Emergency Hypertension 210/120 mmHg - page 3

by tammy_zeidan09

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So I for some reason am having such a tough time remembering the name of a medication! I had clinical and was looking at a pt's meds. There was one antihypertensive drug I've never heard of and is RARELY used by the pt, which is... Read More


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    Norvasc is definitely used for chronic hypertesion. Probably what happened was the pt got some IV medication that brought it down to more suitable level, and then was placed on Novasc as scheduled dose. But just FYI Norvasc isn't used in hypertensive emergencies. That would be Nipride IV, Cardene, IV, Labetolol IV, or PRN hydralazine. I suspect the Norvasc came later. I mean, I hope a pt presenting with a B/P of 210/120 wasn't simply given Norvasc. The poor guy could be stroking at any minute! Yikes! Just my thought....
    turnforthenurseRN likes this.
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    Quote from tammy_zeidan09
    So I for some reason am having such a tough time remembering the name of a medication! I had clinical and was looking at a pt's meds. There was one antihypertensive drug I've never heard of and is RARELY used by the pt, which is why I don't remember it. It was a weird one, one with a long generic name. But it is indicated for emergency HTN for bp over 210/120 mmHg. I know this is so broad, but can anyone think of a antihypertensive that is commonly used for emergency HTN ?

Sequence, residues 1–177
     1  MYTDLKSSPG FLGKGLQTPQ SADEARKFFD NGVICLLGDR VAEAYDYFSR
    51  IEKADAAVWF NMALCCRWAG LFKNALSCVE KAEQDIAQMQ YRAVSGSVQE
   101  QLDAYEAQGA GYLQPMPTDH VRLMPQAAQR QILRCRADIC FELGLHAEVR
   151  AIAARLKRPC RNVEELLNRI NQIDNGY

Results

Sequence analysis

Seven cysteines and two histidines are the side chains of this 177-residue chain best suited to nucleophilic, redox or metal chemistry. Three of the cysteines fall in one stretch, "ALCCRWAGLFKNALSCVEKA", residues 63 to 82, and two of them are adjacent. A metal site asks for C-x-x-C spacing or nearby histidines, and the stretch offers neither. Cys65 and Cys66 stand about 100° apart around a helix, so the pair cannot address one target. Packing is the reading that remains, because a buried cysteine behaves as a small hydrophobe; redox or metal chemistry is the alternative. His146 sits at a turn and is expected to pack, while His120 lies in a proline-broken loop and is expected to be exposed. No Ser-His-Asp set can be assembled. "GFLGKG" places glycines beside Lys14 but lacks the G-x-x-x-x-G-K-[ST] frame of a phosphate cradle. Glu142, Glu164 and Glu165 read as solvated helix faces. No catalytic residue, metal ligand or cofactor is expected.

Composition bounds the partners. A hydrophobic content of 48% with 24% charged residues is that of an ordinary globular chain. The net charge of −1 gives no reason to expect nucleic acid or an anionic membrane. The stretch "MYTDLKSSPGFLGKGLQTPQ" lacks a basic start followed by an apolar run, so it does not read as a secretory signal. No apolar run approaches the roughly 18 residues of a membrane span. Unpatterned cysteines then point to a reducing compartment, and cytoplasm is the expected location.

It isn't lisinopril,metoprolol, lotensin, propranalol...I googled some to try to refresh my memory but had not like..

    Maybe hydralizine? Has anyone heard of this treating emergency HTN or is it commonly used for general HTN

    Thankss
    We use single dose hydalazine to rapidly reduce severe HTN. Given IV you can see a 20 pt drop in minutes. The half-life isn't long (3 hours) but the hypotensive effects persists up to 12 hours, or longer in some pts.

    Norvasc is a great antihypertensive but it doesn't lower BP enough to be use emergently.
    Last edit by BostonFNP on Nov 10, '12


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